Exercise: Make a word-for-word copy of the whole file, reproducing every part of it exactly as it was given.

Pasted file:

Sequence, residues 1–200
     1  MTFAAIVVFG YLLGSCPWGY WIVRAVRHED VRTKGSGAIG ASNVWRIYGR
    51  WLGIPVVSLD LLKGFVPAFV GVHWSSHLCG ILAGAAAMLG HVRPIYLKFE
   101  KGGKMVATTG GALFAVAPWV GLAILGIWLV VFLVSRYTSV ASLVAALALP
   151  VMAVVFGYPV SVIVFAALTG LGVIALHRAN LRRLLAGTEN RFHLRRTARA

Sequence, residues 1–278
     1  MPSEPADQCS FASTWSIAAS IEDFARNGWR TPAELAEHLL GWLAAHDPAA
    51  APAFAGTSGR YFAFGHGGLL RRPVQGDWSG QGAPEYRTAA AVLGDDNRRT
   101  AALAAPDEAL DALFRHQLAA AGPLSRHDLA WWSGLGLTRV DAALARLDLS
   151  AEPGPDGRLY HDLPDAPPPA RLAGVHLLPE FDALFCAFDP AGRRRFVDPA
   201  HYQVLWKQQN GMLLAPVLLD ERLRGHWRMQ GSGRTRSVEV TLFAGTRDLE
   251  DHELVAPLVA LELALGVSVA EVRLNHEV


Sequence, residues 1–200
     1  MTFAAIVVFG YLLGSCPWGY WIVRAVRHED VRTKGSGAIG ASNVWRIYGR
    51  WLGIPVVSLD LLKGFVPAFV GVHWSSHLCG ILAGAAAMLG HVRPIYLKFE
   101  KGGKMVATTG GALFAVAPWV GLAILGIWLV VFLVSRYTSV ASLVAALALP
   151  VMAVVFGYPV SVIVFAALTG LGVIALHRAN LRRLLAGTEN RFHLRRTARA

Sequence, residues 1–278
     1  MPSEPADQCS FASTWSIAAS IEDFARNGWR TPAELAEHLL GWLAAHDPAA
    51  APAFAGTSGR YFAFGHGGLL RRPVQGDWSG QGAPEYRTAA AVLGDDNRRT
   101  AALAAPDEAL DALFRHQLAA AGPLSRHDLA WWSGLGLTRV DAALARLDLS
   151  AEPGPDGRLY HDLPDAPPPA RLAGVHLLPE FDALFCAFDP AGRRRFVDPA
   201  HYQVLWKQQN GMLLAPVLLD ERLRGHWRMQ GSGRTRSVEV TLFAGTRDLE
   251  DHELVAPLVA LELALGVSVA EVRLNHEV